NOAA and NASA records 2021 as the Earth's sixth warmest year
An usually warm December and frequent natural disasters took the year by storm, impacting many according to latest studies.
The National Oceanic and Atmospheric Administration (NOAA) and the National Aeronautics and Space Administration (NASA) on Wednesday marked 2021 as the sixth warmest year on earth, with global records dating back to 1880.
Temperatures led to a third consecutive warm year in 2021, but the globe managed to stay cooler compared to previous years in 2019 and 2020.
Average surface temperature had reached 1.51 degrees Fahrenheit in 2021, NOAA with the use of its ocean heat content (OHC) measured the highest amount of heat stored in the ocean’s upper levels.
High amounts of heat found in the ocean contributes to rising sea levels, according to NOAA. Data also shows the earth has not had a “colder-than average” year in 45 years consecutively.
In a separate study on climate change, NASA analyzed the earth’s temperature and found that it also ranked 2021 as the sixth warmest year, tied with 2018.
“Eight of the top 10 warmest years on our planet occurred in the last decade, an indisputable fact that underscores the need for bold action to safeguard the future of our country – and all of humanity,” said NASA Administrator Bill Nelson.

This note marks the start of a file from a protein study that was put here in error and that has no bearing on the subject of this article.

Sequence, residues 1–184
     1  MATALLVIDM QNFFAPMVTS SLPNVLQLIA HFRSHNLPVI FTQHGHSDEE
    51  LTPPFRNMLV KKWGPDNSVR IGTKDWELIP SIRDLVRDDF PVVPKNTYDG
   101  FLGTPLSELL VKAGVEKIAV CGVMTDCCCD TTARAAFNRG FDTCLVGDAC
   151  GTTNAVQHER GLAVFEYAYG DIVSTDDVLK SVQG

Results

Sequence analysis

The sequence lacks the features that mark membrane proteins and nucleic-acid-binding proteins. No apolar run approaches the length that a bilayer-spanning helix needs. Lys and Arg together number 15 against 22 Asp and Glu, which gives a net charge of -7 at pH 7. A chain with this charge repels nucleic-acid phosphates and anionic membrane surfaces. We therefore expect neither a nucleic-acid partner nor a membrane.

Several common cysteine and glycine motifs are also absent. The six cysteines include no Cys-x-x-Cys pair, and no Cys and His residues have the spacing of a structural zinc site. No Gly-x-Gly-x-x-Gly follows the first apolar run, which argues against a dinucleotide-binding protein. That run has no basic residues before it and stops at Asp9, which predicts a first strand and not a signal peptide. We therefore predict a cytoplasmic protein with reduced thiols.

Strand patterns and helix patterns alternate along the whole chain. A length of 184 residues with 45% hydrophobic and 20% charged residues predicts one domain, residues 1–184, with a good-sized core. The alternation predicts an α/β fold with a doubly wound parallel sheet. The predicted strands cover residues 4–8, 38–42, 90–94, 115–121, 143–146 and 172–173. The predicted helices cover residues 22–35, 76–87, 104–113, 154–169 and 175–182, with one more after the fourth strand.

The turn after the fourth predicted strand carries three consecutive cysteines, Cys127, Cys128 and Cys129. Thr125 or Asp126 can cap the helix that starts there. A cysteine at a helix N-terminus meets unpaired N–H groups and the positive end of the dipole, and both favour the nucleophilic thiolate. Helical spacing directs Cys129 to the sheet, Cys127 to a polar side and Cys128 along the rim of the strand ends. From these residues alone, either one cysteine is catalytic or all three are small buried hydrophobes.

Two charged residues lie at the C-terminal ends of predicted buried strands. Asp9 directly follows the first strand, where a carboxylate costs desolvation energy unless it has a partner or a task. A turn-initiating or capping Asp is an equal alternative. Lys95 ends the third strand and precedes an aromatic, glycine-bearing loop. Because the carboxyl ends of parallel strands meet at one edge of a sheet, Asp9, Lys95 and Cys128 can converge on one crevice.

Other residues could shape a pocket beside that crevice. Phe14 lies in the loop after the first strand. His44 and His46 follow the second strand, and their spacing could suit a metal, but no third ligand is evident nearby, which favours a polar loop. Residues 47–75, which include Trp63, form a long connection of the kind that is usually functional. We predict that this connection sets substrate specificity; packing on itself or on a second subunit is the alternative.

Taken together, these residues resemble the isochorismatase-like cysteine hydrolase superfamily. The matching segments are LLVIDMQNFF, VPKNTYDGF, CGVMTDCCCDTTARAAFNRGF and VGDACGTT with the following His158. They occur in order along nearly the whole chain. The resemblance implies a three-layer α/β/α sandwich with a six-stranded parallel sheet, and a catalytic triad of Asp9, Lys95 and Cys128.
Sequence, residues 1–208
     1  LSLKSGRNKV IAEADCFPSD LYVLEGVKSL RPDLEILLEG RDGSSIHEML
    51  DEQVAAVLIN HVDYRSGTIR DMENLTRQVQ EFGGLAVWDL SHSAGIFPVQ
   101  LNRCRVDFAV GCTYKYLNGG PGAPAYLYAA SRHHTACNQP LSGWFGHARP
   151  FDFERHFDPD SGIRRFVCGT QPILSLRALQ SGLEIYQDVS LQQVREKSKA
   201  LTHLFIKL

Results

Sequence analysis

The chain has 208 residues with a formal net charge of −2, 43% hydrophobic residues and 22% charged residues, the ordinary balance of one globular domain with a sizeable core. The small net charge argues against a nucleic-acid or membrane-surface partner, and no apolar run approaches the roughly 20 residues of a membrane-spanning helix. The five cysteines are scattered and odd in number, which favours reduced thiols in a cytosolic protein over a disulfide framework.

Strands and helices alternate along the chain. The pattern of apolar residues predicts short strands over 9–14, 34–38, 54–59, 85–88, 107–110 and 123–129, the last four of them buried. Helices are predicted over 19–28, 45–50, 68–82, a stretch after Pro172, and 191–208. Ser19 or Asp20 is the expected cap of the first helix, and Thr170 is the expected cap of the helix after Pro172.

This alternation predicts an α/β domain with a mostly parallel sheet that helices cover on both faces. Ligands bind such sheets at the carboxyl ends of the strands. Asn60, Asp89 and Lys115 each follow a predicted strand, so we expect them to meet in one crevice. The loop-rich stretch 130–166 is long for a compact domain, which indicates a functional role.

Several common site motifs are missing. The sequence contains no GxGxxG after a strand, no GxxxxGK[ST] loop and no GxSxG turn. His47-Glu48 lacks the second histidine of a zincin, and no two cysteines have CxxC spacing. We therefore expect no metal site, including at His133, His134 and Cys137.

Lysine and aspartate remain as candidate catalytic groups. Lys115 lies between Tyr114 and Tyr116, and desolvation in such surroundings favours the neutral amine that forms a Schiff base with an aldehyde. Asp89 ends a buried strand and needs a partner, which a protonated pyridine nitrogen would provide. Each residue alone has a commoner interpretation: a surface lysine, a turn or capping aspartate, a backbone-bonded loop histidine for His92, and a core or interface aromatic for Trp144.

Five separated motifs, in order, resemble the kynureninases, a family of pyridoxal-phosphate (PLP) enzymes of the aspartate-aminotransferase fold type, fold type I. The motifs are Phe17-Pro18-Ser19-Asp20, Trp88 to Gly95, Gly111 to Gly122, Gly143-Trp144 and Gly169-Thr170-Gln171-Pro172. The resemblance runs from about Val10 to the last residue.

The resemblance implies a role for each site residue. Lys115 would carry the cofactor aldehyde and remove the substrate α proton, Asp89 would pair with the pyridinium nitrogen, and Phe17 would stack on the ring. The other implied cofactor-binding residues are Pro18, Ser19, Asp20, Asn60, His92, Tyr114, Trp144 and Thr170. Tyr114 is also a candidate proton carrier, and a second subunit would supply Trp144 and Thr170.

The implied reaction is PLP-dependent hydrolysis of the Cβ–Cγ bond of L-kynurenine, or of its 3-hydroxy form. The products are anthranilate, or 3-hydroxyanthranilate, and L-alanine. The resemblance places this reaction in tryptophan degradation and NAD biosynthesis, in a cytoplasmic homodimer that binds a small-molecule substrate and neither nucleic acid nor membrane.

NASA says several factors affect the earth’s average temperature every year. A couple of those factors are La Niña and El Niño, two climate patterns in the Pacific.
In order to measure the surface temperature annually, NASA analyzes temps provided by “weather stations, ships, and ocean buoys” that rely on NASA’s aqua satellite Atmospheric Infrared Sounder (AIRS).
NOAA scientists put together a Global Average Temperature map to track every climate anomaly and storm that hit in 2021.
As for December’s heat, NOAA’s study found 2021 was tied with 2016 as the fifth hottest December in 142 years.
The earth continues to experience intensifying climate change across regions, and its effects have not gone unnoticed resulting in floods, wildfires, and blazing heat with lives lost.